There has been a huge change in the behaviour of the B2B buyer over the last ten years or so. Previously, a buyer would have been taken out for lunch, to the golf course or cold-called by a salesperson. Today, professional buyers are conducting between 70-80% of their buying journey without ever making contact with a single salesperson.
With so many sources of information for product research, reviews and references, customers no longer need a salesperson until the final stages of the buying process. And, by then, it can be too late for a salesperson to influence their direction.
The shift has been dramatic and fast. When it comes to B2B sales, business leaders find themselves playing catch-up and having to adapt to a sales environment that looks vastly different from the traditional process that prevailed before.
And if they don’t adapt or aren’t open to adapting, they could lose out. I’ve met some sales leaders that don’t realise what’s happening to them. They are suffering from poor results but blame it on a slow market or on their team without realising the fundamental shift that’s going on. At the Enterprise level with its long sales cycles, the loss can be slow at first as customers see out their contracts but it will then be a rush as more nimble competitors become top-of-mind for buyers. The non-adaptors won’t even see the problem until it’s too late.
And then they’ll wonder what the hell went wrong.
It’s imperative that we make a major effort towards presenting ourselves as leaders in our field and influencing the buyer early on in their buying process and we must pay significant attention to the customer after they buy. Notice that I said ‘their’ process, as the customer is now much more in control of the process, rather than it being a sales-driven process – we now talk about the ‘customer journey’. Of course, this is where marketing comes in and having a strong B2B marketing function, closely integrated with sales, is critical to success.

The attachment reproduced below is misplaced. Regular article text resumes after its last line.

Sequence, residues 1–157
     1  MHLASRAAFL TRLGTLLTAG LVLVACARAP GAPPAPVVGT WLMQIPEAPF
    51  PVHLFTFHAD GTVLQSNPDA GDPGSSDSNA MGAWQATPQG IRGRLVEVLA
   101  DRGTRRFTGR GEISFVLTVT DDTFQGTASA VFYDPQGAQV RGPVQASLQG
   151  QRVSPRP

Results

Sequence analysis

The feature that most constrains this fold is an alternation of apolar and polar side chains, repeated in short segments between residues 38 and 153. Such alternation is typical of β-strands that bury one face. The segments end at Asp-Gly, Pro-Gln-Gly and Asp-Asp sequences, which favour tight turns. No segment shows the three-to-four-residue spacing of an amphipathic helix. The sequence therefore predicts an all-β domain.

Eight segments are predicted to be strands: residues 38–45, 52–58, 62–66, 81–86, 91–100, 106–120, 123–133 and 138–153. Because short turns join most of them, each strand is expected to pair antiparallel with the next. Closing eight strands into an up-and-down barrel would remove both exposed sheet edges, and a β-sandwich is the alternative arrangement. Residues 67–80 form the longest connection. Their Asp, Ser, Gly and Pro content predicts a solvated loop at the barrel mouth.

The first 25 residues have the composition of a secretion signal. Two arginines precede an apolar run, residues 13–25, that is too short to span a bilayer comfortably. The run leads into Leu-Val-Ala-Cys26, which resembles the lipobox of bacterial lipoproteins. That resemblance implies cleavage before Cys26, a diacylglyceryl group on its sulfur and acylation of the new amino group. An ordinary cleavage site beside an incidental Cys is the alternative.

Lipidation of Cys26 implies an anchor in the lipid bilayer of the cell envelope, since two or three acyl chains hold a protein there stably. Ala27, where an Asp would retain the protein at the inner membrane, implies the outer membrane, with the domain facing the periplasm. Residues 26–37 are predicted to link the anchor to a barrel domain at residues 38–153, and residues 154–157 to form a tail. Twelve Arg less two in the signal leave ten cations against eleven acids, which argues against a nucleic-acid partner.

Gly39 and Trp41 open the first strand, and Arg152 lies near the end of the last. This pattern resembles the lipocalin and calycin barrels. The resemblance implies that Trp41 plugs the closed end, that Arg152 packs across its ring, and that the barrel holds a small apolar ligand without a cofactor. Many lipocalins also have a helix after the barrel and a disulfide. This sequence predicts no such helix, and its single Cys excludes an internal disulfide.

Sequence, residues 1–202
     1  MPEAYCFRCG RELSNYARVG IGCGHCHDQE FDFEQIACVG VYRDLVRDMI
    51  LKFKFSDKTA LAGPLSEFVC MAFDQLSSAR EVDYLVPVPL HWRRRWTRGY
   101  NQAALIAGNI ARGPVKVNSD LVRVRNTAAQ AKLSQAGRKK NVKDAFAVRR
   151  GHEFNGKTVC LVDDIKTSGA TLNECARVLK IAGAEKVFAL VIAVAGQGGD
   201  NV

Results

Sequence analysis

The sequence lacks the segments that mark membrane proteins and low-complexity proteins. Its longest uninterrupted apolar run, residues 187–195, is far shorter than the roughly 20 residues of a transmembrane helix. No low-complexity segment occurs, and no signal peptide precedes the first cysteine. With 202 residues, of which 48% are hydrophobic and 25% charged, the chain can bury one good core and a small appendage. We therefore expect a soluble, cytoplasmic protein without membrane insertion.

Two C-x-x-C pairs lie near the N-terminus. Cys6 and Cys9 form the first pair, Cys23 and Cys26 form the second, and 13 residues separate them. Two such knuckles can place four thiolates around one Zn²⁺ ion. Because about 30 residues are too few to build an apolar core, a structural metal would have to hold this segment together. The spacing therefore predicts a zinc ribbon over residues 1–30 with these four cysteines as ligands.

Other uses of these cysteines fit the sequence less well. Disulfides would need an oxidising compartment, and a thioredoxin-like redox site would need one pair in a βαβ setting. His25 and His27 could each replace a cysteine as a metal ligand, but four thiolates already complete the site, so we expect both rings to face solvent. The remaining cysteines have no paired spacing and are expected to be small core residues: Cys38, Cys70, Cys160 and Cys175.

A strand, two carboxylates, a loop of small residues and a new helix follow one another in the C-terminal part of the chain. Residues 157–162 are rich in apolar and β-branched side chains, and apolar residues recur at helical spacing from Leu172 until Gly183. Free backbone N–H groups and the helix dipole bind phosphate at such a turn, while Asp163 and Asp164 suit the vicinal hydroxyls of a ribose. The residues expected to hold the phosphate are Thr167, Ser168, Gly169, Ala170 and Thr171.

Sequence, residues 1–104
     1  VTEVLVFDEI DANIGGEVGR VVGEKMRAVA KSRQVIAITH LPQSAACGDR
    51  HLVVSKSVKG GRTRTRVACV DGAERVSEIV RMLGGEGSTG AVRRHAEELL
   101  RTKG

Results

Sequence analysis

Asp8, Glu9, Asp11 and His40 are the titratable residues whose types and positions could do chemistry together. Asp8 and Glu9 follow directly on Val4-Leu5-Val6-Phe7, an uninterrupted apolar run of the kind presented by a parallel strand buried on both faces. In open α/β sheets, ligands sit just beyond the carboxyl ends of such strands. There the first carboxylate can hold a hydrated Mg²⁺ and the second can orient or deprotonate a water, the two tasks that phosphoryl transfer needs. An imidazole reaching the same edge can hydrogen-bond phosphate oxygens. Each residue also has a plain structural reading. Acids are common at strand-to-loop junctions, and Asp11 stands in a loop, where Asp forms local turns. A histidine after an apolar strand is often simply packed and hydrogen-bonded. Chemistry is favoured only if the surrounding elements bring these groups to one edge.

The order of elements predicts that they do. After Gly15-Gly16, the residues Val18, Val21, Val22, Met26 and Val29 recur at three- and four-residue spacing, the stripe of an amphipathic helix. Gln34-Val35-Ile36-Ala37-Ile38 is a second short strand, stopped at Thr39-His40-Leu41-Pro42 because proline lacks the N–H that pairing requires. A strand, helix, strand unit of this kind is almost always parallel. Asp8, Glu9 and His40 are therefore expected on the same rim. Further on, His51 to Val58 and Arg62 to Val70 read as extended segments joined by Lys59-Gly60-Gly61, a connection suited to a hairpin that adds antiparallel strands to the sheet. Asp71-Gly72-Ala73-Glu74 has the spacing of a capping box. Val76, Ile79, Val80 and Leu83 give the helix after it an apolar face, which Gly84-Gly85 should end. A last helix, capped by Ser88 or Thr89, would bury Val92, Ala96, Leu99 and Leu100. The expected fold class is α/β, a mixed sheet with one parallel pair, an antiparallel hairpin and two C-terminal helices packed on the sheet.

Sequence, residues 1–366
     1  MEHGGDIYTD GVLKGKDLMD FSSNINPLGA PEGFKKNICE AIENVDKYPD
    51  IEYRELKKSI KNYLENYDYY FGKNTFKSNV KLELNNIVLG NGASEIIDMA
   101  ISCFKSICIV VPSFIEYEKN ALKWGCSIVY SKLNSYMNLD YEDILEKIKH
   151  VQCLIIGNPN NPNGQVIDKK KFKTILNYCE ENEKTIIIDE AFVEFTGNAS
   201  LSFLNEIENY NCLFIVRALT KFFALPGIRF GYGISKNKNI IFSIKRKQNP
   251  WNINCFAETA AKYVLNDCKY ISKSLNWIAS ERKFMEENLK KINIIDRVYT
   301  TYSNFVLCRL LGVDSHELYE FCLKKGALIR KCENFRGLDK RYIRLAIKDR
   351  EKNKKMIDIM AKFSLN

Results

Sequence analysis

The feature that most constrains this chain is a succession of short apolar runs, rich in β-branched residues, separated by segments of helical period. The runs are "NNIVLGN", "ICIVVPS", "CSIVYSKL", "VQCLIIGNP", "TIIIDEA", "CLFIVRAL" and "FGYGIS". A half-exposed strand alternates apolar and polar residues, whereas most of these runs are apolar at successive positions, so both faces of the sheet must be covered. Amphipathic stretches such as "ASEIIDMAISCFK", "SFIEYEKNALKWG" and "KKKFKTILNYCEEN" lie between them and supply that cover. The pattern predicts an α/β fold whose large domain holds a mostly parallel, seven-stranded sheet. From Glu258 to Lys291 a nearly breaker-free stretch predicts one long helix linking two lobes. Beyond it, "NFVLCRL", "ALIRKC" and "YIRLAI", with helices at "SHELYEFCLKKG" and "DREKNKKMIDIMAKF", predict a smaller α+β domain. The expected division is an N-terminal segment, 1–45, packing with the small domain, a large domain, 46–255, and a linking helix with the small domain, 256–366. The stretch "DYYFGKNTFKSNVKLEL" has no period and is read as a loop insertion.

The good news is that when this is implemented well, we will get well-qualified leads and have prospects that are warm towards a sales approach. They are likely to be positive about your company and your solution, therefore your ‘close’ rates and sales productivity should be much better.
So, what do the two sales processes look like – the traditional versus new approaches?
The traditional B2B sales process and funnel looks something like the diagram below, which I’m sure you recognise and have worked with some version of this.
It’s important to note the following key points when it comes to this model:
Many organisations I meet with are wholly down the path (or somewhere along it) to accommodating the new buying process and are trying to get themselves in front of buyers in the early stages of their research.
Here’s my view of what the ‘new’ sales/marketing funnel looks like.
There are some critical points of difference from the traditional model, as follows:
Running business the old way, along traditional sales lines, still conjures up images of the old sales boiler room, where sales leaders ‘drive’ their teams relentlessly to make targets and ‘push’ products to customers. This approach is just too one dimensional and blunt for today’s environment. Yes, we still need to be aggressive to make our targets but let’s be aggressive on driving the range of activities that assist customers to understand our value all the way along their buying journey.
Customer-centricity and CX (Customer Experience) are the buzzwords of the moment, and there’s a reason for this. The new sales/marketing funnel is a sign of the changing times and it works. The question is: are you a new adopter or yet to change?
Let me know in the comments below and let’s open this up for discussion.
If you’d like to learn more about the new sales/marketing funnel, get in touch with me at [email protected]. I’d be more than happy to have a short introductory discussion to run through the model in more detail and also assess where we might be able to support you.